Unraveling BIND 9.3

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From DNSSEC to IPv6 support, we look at the main improvements in the latest release and discuss how to make the best use of these new features. We also look back on where BIND has been and ahead on where it's going.

The Domain Name System (DNS) is a component of the Internet often taken for granted. Although knowledgeable users are aware that the Internet works off of IP addresses, the reality is that we all type in names rather than impossible-to-remember long numbers. The DNS is based on an open standard, and, thus, numerous choices are available for managing DNS information. The best known method by far is the open source Berkeley Internet Name Domain, more commonly referred to as BIND.

BIND 9.3, the most recent release, has been available since September 2004. It features a number of key enhancements in terms of both security and the way it is supported. This article covers the main improvements in the release and discusses how to make the best use of these features.

Brief History of BIND

BIND has been available for years, and it has had a somewhat rambling history. What has not changed is the main aim of the software: to provide a secure and effective environment for managing domain name information. The earliest versions were developed at the University of California, Berkeley as part of a student project under a grant from the Department of Defense.


Brief History of BIND
Core Changes in 9.3
Securing your DNS with DNSSEC
Support Options
Looking Ahead to 9.4

Later, the Computer Systems Research Group and a loan employee from Digital Equipment Corporation (DEC) adopted BIND and made it a DEC project. DEC then released it. Paul Vixie, who worked for DEC at the time, adopted the project, and, eventually, through his own company, Vixie Enterprises, sponsored continued work on the project for the key release of version 4.9.2, which is still available today.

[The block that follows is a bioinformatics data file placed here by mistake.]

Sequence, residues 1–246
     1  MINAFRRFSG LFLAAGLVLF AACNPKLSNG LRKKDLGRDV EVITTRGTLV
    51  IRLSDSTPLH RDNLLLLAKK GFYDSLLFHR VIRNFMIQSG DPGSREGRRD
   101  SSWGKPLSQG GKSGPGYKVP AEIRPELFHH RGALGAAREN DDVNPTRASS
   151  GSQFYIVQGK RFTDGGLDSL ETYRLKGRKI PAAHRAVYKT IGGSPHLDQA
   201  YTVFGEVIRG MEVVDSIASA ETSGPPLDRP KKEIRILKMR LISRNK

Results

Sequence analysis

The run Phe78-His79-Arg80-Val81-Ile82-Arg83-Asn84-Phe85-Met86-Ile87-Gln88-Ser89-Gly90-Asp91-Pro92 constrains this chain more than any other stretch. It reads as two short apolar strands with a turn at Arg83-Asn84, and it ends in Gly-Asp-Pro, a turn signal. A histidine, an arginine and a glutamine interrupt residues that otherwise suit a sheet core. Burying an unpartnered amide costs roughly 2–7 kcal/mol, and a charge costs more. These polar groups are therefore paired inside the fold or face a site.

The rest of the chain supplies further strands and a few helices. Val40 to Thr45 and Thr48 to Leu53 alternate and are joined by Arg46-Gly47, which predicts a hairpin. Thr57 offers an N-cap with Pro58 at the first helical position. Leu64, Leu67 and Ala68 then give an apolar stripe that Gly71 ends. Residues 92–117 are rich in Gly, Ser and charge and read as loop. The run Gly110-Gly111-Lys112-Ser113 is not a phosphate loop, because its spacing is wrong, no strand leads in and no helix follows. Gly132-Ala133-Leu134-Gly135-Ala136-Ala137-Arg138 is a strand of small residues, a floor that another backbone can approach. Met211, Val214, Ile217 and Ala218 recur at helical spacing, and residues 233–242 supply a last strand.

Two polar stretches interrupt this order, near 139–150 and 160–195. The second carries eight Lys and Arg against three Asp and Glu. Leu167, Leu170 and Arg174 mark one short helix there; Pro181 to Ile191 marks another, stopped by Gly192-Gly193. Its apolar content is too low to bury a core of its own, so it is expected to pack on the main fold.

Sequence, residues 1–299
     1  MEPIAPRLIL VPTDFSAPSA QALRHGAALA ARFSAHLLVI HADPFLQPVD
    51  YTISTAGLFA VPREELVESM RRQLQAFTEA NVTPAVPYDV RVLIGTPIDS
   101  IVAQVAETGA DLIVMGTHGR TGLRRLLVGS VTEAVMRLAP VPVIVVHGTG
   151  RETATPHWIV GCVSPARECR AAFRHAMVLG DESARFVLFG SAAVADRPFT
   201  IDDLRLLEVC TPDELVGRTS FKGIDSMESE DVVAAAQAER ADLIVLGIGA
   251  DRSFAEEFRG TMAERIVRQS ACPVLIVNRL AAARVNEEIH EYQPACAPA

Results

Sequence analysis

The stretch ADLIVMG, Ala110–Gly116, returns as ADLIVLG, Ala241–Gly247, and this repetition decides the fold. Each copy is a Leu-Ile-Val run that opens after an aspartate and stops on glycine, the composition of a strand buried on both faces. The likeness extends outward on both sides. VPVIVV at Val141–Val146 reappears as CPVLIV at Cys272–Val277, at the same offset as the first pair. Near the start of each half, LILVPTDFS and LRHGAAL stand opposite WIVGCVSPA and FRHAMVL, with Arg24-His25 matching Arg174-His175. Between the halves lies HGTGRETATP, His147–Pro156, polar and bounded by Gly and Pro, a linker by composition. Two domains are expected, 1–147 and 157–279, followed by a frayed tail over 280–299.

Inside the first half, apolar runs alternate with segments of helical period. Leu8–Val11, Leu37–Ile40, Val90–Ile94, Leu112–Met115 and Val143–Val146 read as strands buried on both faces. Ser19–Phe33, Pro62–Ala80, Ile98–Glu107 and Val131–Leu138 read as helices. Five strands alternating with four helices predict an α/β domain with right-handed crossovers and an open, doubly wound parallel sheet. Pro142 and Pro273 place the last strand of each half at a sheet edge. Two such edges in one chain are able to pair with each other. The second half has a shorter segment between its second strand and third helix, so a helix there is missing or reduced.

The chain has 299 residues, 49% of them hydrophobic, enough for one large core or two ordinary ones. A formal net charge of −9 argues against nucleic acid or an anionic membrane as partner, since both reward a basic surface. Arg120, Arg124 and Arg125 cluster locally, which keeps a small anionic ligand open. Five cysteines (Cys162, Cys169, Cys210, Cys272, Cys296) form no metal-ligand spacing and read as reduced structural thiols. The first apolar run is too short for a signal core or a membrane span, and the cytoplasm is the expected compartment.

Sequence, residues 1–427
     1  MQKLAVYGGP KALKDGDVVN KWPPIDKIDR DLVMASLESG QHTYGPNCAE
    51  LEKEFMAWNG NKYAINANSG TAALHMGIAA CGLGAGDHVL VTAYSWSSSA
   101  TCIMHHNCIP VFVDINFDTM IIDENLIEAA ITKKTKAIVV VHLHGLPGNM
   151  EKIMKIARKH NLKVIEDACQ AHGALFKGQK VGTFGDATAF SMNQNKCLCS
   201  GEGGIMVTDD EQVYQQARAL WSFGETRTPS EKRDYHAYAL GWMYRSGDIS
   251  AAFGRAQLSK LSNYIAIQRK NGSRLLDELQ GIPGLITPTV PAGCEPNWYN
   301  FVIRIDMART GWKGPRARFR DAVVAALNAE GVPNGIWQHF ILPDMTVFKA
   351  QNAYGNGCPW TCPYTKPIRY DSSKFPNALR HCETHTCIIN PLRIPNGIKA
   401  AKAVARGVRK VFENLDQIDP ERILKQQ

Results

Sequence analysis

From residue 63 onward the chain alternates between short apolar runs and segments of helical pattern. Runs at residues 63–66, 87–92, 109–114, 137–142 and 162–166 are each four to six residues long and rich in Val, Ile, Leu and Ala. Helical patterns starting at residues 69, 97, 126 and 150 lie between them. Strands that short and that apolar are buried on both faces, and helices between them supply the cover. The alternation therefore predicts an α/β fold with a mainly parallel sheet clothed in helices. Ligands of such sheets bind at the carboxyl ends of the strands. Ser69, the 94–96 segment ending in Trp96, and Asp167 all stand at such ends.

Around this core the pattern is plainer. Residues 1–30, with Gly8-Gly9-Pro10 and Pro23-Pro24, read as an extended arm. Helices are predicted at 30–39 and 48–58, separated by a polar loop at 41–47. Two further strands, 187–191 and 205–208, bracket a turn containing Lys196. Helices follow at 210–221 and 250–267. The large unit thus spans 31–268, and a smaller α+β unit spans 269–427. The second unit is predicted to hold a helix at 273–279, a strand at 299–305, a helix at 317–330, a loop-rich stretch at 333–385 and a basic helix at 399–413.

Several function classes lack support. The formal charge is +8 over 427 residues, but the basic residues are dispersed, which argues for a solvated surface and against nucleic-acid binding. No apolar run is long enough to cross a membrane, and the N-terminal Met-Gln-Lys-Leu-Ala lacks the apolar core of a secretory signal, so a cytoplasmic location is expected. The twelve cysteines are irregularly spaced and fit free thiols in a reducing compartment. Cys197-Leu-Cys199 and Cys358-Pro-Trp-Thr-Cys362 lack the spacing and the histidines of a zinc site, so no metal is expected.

The Internet Systems Consortium (ISC) supports the most recent versions of BIND. Paul Vixie and Bob Halley remain key contributors to the latest versions. Today, most people come across BIND because it's included with their operating system, whether commercial (e.g., Solaris, Mac OS X, and Windows) or freely available (e.g., Linux and BSD).

Core Changes in 9.3

The main improvements in Bind 9.3 relate to the security of the application. The security elements are built into the software and improve on the security that the DNSSEC standard provides for securing domain information, transfers, and exchanges, as well as ensuring the information for a domain cannot be usurped or abused. The next section of this article examines DNSSEC in great detail.

Another improvement in 9.3 is the introduction of IPv6 support and, with that, transitional support for servers running both IPv4 and IPv6 that must support DNS on both network types. This is designed to make it easier for such organizations to migrate to the IPv6 platform.

The migration is further aided by support for better configuration of BIND on servers with multiple IP addresses. It's possible to perform a migration on a machine configured with multiple interfaces running on different IP standards. Administering the information has been improved through more extensive IXFR records, making it easier to delegate zones within a domain to different administrators. This is a huge help in very large domains, like big corporations and ISPs.

Other minor improvements in 9.3 include additional server identification options, which makes it easier to key the servers and help exchange information. It is also possible to extract more information about the BIND servers to get better statistics (useful for debugging and performance monitoring).

>> Securing your DNS with DNSSEC

This article was originally published on Apr 13, 2005
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